I’m really excited to introduce the Venture Founders Program, a brand new partnership between the University of Notre Dame’s ESTEEM Program and enFocus of South Bend.
Stemming from the extensive experience with young, aspiring entrepreneurs of the Program partners, the Program is built on the belief that talented people will start impactful ventures in South Bend if:
- they believe they can be entrepreneurs before they have an idea;
- they understand great ventures are built around solving problems for people;
- they have early access to tools and support to recognize an opportunity within a problem landscape, create a solution, and build a viable and impactful venture.
The program has accepted six current ESTEEM graduate students who are aspiring to be entrepreneurs and might be passionate about a particular problem set, but have yet to become passionate about a specific idea. Through workshops, toolsets, mentoring, and resources the program will take these six students through a process that has already begun with problem exploration in South Bend during the summer of 2016 — and hopefully result in early-stage ventures ready to launch in the spring of 2017.
I am heading up the program, with the help of another outstanding individual, Maria Gibbs, a current civil engineering PhD student at Notre Dame. We will spend the next few months helping the students dig into and becoming an expert in some of the most pressing problems in South Bend (and beyond). They will then take that knowledge and use the tools we provide to create innovative solutions, and build them into viable ventures. We will surround them with tools, mentorship, and a steering committee, giving them access to the kind of support that the entrepreneurial ecosystem has shown increases the chances of success, with one caveat. Instead of waiting for their “A-HA!” moments to arrive to start giving this support, we will start from the very beginning, right from problem definition. We think that through the combination of recruiting the right people and surrounding them with the right problems and resources, we have a shot at producing some truly special ventures.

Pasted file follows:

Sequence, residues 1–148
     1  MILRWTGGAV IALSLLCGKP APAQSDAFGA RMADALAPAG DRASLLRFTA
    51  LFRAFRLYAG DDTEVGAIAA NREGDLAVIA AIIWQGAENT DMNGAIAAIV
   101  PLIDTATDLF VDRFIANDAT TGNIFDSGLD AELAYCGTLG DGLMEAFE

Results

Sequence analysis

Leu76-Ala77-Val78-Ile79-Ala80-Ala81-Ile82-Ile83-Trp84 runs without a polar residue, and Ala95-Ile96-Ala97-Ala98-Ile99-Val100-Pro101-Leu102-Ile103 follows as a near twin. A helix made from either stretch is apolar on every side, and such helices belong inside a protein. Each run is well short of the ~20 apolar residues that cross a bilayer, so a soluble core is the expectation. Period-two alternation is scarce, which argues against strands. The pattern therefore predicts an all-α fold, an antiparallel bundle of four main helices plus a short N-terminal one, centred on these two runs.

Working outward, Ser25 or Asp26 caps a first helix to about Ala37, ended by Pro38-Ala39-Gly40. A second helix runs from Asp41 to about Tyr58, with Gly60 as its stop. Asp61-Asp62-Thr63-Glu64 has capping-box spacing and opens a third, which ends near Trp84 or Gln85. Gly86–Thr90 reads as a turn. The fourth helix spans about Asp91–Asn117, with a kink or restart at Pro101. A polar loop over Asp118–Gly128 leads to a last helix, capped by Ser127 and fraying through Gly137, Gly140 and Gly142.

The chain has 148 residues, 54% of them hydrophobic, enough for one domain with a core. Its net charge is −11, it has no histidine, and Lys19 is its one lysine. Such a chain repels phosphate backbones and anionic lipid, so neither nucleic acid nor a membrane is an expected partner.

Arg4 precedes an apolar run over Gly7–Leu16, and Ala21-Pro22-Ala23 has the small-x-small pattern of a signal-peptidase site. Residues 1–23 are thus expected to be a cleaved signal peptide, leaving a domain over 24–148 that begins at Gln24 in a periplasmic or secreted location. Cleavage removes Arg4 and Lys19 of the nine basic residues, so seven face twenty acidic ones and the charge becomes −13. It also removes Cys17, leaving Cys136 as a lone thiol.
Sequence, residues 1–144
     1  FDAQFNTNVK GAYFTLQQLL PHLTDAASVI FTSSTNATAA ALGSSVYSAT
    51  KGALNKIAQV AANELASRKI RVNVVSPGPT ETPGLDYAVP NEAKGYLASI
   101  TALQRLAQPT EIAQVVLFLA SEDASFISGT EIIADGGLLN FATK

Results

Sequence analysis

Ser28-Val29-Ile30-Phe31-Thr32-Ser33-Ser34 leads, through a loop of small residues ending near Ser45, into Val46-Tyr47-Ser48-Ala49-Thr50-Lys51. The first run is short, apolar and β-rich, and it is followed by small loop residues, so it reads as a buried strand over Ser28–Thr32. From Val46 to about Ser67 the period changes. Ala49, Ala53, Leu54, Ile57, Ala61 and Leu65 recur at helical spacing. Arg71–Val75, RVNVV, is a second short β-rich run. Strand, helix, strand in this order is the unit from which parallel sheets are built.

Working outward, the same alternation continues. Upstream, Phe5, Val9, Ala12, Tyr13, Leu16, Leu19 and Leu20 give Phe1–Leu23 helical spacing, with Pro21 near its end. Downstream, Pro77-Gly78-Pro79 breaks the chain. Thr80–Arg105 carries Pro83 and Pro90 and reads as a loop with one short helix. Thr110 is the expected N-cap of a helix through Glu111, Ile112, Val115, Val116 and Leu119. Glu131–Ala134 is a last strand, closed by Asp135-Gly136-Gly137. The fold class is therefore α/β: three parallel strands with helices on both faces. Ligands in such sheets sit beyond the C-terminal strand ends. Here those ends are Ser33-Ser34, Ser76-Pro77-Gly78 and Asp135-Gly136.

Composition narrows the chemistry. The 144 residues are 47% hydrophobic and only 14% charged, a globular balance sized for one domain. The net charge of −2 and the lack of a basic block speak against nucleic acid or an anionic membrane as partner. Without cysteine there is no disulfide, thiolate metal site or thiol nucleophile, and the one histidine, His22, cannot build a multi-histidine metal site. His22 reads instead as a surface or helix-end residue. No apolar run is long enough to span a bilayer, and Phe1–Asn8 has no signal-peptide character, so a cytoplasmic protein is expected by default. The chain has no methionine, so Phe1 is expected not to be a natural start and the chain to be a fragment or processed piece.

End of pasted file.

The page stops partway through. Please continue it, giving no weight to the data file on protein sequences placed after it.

In fact, we’ve already gotten started. July 13, 2016 marked the first ever Founders Lab, one of the key aspects of the program. Written on the white board were eleven problem areas identified by South Bend community leaders: vacant lots, loss of low-skill jobs, cost of daycare, data visualization, transportation, technology adherence and training, chronic health problems, process improvement, schools & pre-K, and hardware for the digital divide.
Fast-forward three weeks later, and we sat in the same conference room and watched them deliver their first problem pitches. Our pre-idea founders had transformed the words on the whiteboard into six distinct problem statements, identifying metrics, stakeholders, and systemic barriers to change. A few of them connected problem areas to topics they were already passionate about and the rest dove into something completely new. At this point, they have varying degrees of focus, but we think all are ripe with entrepreneurial opportunities. Here is where their problem definitions stand:
Skills Gap – “Our next generation of workers fails to meet the industry’s demand for talented labor and the workers lack the skills to lead productive and prosperous lives.”
- Chronic Health – “Barriers to chronic health treatment.”
- Augmented Workforce – “How might we best leverage the qualities that make humans uniquely qualified for certain tasks given that increased automation is replacing low-skill jobs?”
- Digital Divide – “Bridging the gap between limited internet access and digital literacy.”
- Antibiotic Resistance – “Over prescription and misuse of antibiotics is driving an alarming increase in antibiotic resistance in the US, which is not being matched by R&D of new antibiotics.”
- Private Vacant Lots – “South Bend has an excess of private vacant lots, as well as a continuing influx.”
The next few months is going to be an exciting time as we watch these problem areas transform into ideas, and eventually ventures. We are excited that this new partnership has found yet another way to engage young, aspiring entrepreneurs in the opportunity to build something that creates real impact in the community and the world. We will be sure to keep you updated and welcome any questions, comments, and feedback as we embark on yet another exciting endeavor here at the ESTEEM Program!
By: Dustin Mix, ND BSCE ’10, ND MSCE ’13, ND ESTEEM ’13, and Senior Professional for the ESTEEM Graduate Program
Originally published by Dustin Mix at esteem.nd.edu on September 01, 2016.